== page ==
Another week, and another piece of gender-related news sends me back to the bottomless well of Sinbad headlines. It turns out women are indeed more social than men, or at least use social media more often, according to a roundup of recent research published by Digital Flash NYC.
Overall women make up 56% of the U.S. social media population, or roughly 81 million women. Women dominate both Facebook and Twitter, making up 58% and 64% of their memberships, respectively. Women use social media more frequently, with 18% of women updating their Facebook status on a daily basis, compared to 11% of men. On a monthly basis, women make 99 million more visits to social media sites than men; they’re also more likely to comment on posts and photos several times a day.
No surprise, Pinterest skews even more female, with women making up 82% of its user base. Women also lead the way in time-wasting, er, casual gaming, making up 60% of the audience for Zynga games. But there are some male-dominated social networks out there too: for example, 63% of LinkedIn users are men, while Google+ and Reddit also skew male (71% and 84%, respectively).
Last week I wrote about a separate survey of 1,453 U.S. online adults conducted by Burst Media in May 2012, which found that women are more likely than men to follow brands on social media, especially if they have kids. Overall 58.1% of online moms follow brands online, compared to 49.1% of all respondents, and 31.7% of online moms said they were likely to follow a brand promoted in an online ad, compared to 25.4% of all respondents.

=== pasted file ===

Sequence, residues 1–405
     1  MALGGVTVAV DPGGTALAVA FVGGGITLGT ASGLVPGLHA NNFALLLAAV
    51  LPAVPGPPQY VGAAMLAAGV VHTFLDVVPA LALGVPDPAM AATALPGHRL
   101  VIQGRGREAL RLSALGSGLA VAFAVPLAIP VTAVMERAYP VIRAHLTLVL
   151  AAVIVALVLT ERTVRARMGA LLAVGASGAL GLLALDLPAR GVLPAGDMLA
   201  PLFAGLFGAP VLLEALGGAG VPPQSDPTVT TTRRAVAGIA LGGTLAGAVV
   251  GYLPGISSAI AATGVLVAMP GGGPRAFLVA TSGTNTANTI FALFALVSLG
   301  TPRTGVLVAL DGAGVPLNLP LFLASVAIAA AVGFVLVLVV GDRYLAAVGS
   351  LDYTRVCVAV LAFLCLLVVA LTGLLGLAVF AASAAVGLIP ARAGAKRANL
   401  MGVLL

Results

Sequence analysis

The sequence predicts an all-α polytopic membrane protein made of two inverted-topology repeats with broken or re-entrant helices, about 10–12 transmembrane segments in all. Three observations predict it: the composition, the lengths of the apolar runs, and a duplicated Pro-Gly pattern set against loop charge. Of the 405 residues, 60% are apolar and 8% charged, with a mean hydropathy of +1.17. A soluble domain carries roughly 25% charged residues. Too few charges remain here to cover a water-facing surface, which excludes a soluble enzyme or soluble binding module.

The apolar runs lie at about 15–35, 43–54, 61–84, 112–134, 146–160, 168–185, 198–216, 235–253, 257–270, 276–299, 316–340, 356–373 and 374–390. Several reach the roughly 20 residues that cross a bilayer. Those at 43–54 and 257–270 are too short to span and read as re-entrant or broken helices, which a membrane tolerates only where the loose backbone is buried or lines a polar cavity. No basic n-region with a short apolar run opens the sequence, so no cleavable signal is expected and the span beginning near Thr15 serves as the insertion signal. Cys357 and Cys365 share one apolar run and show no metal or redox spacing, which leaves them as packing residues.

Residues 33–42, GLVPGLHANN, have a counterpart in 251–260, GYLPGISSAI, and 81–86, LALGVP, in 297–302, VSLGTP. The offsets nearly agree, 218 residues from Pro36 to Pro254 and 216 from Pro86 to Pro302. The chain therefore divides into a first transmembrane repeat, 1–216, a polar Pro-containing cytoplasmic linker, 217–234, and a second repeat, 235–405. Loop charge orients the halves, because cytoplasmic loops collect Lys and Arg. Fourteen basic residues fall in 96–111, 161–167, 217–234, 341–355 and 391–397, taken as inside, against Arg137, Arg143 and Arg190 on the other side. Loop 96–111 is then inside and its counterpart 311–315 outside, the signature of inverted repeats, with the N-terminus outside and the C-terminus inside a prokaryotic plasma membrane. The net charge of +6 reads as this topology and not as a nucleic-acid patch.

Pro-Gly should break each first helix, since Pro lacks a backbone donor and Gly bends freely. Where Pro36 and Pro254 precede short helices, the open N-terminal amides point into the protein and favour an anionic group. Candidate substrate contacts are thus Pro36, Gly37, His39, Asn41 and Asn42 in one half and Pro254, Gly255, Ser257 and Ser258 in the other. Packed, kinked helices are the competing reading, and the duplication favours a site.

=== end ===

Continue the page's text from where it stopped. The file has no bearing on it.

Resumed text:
Echoing the Flash Digital NYC results, 49% of female respondents in the Burst survey said they visit social media sites a few times per day or more, including 58.6% of moms and 42.7% of women without children, compared with just 34% of men.
Asked their reasons for following brands on social media, 43.5% of moms said they do so to “keep up with the latest content,” compared to 44.4% of women without kids and 30.7% of men; 23% of moms said they do so to “see what others are saying about the content,” compared to 25.4% of women without kids and 21.7% of men; 29.3% of moms said they do so to interact with the sites’ authors and contributors, compared to 16.5% of women without kids and 19.2% of men; 41.9% of moms said they do so to “share content with family and friends,” compared to 40.9% of women without kids and 26.3% of men; and 33.3% of moms said they do so to “share my opinions and comment,” compared to 26.7% of women without kids and 29% of men.
Interestingly, women who are not moms are more likely to cite special offers, coupons, and savings as a reason to follow brands on social media, at 46.7%, compared to 40.1% of moms and 19.4% of men.